It’s no secret that almost everyone in the 21st century is attached to their phone. Some of us are more addicted than others, and then some of us feel true panic when our phone’s battery goes below 5%. However, when special garters are designed to hold cell phones during weddings and special occasions, we here at Gala Pal tend to notice.
A technologically-integrated wedding can be a good thing. You can save money on invites by doing them electronically and stay organized with an app like ours without sacrificing many trees. You can nix the photographer altogether and have your friends do the footwork for you. After all, some phones come with more megapixels and better resolution than regular digital cameras had a decade ago. The new millennium has really become an age of simplification and convenience when you think about it.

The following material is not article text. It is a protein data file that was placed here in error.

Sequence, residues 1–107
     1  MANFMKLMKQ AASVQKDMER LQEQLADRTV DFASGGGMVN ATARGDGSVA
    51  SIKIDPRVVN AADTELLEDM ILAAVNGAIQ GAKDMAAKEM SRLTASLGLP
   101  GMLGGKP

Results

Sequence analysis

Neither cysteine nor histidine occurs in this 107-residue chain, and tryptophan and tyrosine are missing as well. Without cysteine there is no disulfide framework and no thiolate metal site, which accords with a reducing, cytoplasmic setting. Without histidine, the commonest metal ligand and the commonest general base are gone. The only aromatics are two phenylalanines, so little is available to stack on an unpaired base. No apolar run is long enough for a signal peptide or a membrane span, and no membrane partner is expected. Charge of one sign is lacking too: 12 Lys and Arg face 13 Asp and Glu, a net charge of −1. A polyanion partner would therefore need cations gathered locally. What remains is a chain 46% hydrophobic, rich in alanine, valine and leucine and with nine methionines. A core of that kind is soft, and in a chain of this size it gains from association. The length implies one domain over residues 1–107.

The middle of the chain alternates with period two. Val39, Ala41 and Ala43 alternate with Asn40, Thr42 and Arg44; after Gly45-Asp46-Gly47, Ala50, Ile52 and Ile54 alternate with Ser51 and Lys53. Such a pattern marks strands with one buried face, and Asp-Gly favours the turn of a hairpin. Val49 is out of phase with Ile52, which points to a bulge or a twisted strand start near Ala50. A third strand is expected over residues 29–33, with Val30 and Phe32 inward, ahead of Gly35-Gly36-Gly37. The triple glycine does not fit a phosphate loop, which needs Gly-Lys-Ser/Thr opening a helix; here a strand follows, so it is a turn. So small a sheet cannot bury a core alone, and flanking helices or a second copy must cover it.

But step back for a second and think of other instances where you’ve been annoyed at people taking pictures at completely inappropriate times. Remember that concert you went to where you couldn’t see because the guy in front of you had his cell phone in your viewing space for 90% of the show? Note how you see more people driving with a cell phone in their hands than without? Most of all, do you really want photos from the ceremony to include a ton of disembodied arms and selfie sticks? Because that is a definite possibility.
Working in the wedding industry has given us access to a lot of good wedding pictures where one uncle holding an iPad/DSLR can ruin a whole shot. It’s common practice now for photographers to have to wait for all the relatives to get a group picture before they try for it, themselves. This takes way more time and might leave the bride and groom (and all of their guests) half-starved before they can get to the reception.
Even worse, there are often cases where there are secret reveals or other surprises planned that have been ruined by guests posting pictures to Facebook or Instagram. No one wants to be the one that ruined the big reveal, especially when all they wanted was just to share your happy day.
Is this enough to enact an “unplugged” rule at your wedding? How would you enforce such a rule? Think that we should embrace cell phone culture — all the good and the bad that comes with it?
Let us know in the comments!